1 CHRONICLES – After reading the history of Israel and Judah from Genesis through 1st and 2nd Kings, we come to 1 Chronicles. At the end of 2 Kings, we are left with the 10 tribes of Israel under the captivity of Assyria, and the tribes of Judah (Judah, Benjamin, and the Levites) under Babylonian captivity. The Book of 1 Chronicles rehashes the genealogies established from Genesis to 2 Kings. It seems as though the book is written as a refresher or reminder of the history of the captive nation with a particular focus on the lineage of David within the nation of Judah. In 1 Chronicles we learn of the line of David and the descendants of all 12 tribes traced all the way back to Adam, but there is particular emphasis on David, no doubt because the Lord had established his kingdom forever! After the genealogies, the history lesson begins with death of Saul and the anointing of David as King over Israel. The reminder continues in great detail throughout this chapter till the point of David’s death and Solomon’s anointing as King in his place.

  1.  1 Chronicles 21 | (2 Samuel 24) David is incited to sin by numbering the people – the Lord punishes Israel, but shows mercy as David shows repentance: This chapter correlates to 2 Samuel 24, and it hearkens back to Exodus 30. At the beginning of this chapter, we see that Satan worked to move David in this instance of sin. David was moved to number the people of Israel, which to date was something that only the Lord demanded. In Exodus 30, we read that there was an offering to be gathered when doing this, and the whole process seemed to be much more intentional than simply taking a census of the people. It seems as though David, by the working of the enemy, did this from a place of pride as if the nation was his! This was clearly a sin, and the Lord had to deal with it justly. However, the following verses play out a wonderful story of David’s conviction, the Lord’s justice and judgement, His mercy, and David’s repentance.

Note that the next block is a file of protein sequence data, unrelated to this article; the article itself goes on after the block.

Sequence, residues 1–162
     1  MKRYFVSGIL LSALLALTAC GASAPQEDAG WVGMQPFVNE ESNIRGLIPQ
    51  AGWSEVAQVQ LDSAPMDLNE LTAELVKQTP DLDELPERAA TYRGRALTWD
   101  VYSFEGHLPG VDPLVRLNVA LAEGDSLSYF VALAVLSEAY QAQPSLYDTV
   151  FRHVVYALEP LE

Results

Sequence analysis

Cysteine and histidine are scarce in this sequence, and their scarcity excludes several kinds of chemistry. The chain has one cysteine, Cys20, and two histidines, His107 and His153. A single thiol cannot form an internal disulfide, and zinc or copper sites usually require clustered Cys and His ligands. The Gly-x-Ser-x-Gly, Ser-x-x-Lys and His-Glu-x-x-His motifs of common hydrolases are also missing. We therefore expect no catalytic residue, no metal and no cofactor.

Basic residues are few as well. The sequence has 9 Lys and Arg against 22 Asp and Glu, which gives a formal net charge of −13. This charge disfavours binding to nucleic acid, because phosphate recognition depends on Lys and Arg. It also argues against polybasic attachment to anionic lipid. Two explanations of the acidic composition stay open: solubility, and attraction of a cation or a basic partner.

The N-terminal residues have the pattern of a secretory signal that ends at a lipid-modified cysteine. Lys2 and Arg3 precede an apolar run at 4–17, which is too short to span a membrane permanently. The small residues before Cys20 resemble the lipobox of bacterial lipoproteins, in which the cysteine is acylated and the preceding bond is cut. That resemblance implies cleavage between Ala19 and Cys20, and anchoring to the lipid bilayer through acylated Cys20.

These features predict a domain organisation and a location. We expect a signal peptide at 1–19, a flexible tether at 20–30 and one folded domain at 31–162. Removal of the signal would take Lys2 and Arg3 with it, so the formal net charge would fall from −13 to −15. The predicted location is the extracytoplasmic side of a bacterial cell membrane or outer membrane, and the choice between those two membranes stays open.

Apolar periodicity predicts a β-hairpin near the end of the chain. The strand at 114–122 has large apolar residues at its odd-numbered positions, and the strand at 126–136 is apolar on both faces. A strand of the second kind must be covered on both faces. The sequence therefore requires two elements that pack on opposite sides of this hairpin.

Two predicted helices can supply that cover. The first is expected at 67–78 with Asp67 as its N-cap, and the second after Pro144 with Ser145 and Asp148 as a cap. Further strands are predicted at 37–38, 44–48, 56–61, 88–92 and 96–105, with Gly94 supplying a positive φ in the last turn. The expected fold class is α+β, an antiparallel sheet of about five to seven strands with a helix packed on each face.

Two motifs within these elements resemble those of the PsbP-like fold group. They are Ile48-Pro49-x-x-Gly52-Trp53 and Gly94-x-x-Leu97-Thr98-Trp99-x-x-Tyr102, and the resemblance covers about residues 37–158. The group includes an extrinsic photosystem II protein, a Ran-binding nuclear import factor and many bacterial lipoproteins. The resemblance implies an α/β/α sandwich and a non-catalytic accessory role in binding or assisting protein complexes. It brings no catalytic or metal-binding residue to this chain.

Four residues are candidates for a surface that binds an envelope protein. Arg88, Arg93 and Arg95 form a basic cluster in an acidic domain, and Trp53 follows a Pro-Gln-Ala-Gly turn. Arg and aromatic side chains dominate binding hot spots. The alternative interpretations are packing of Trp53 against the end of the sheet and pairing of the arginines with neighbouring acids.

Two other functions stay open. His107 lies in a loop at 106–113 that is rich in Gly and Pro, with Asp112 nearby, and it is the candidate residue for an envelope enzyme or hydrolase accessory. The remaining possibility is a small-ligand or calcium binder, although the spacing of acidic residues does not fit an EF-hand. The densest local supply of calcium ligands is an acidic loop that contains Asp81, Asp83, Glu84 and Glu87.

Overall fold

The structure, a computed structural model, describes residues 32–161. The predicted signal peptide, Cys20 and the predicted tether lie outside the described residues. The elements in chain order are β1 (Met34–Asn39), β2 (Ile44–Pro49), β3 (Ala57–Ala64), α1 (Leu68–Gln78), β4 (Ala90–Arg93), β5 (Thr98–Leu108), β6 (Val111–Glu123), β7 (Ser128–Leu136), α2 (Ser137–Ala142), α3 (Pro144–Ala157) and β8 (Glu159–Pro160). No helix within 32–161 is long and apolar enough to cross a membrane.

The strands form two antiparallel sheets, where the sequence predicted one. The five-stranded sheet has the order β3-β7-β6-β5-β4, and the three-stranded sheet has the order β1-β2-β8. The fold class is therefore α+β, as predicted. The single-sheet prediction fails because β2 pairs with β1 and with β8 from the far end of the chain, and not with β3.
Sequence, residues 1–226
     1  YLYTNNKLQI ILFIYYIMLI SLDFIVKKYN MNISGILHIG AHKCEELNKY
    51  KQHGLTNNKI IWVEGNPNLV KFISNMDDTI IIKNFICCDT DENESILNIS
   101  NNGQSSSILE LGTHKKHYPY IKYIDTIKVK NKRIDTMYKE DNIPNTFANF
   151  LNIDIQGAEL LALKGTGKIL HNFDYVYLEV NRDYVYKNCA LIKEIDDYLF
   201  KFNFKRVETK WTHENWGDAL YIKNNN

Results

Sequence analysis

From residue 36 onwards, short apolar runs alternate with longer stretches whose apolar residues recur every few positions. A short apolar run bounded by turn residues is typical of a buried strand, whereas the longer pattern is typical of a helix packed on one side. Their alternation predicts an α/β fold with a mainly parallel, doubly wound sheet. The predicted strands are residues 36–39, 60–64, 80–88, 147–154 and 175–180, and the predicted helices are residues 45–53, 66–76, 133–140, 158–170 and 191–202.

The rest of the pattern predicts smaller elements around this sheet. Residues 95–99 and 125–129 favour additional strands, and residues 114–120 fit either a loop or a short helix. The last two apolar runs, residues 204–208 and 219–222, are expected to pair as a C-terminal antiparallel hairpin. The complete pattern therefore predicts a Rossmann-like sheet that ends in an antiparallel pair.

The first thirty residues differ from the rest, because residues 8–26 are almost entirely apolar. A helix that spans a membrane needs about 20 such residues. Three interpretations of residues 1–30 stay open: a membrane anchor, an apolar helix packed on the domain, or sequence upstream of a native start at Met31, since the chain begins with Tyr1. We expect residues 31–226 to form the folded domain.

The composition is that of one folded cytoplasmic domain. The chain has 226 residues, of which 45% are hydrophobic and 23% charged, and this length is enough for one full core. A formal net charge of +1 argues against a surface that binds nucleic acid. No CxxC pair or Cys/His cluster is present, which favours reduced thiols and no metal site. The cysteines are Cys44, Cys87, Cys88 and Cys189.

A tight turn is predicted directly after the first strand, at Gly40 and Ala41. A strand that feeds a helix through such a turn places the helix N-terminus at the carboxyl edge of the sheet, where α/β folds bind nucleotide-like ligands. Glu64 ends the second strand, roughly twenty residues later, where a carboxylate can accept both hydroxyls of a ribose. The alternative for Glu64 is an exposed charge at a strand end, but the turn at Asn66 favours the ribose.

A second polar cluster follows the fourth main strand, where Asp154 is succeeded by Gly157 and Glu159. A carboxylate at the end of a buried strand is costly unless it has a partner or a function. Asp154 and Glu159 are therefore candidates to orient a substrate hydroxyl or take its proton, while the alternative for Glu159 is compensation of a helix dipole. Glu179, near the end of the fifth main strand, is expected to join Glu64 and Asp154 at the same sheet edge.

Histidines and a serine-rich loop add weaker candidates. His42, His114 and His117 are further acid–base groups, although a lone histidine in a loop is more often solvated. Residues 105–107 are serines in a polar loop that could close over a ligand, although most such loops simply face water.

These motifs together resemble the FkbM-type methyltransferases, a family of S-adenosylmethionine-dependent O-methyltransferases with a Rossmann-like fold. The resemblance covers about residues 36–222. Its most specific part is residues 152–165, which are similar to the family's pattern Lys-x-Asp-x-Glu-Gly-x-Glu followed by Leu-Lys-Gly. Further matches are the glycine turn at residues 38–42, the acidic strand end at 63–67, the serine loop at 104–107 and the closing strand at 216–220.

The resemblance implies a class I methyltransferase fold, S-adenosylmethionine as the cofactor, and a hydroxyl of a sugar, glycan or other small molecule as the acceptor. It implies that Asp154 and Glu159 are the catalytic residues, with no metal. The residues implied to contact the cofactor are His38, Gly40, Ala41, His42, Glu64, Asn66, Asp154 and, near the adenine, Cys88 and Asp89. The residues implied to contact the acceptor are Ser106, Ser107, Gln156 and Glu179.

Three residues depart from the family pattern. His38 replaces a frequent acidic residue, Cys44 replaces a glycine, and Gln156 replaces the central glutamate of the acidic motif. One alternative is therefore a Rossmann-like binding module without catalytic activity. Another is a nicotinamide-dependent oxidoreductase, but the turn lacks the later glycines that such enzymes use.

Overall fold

And David said to God, “I have sinned greatly in that I have done this thing. But now, please take away the iniquity of your servant, for I have acted very foolishly.” | 1 Chronicles 21:8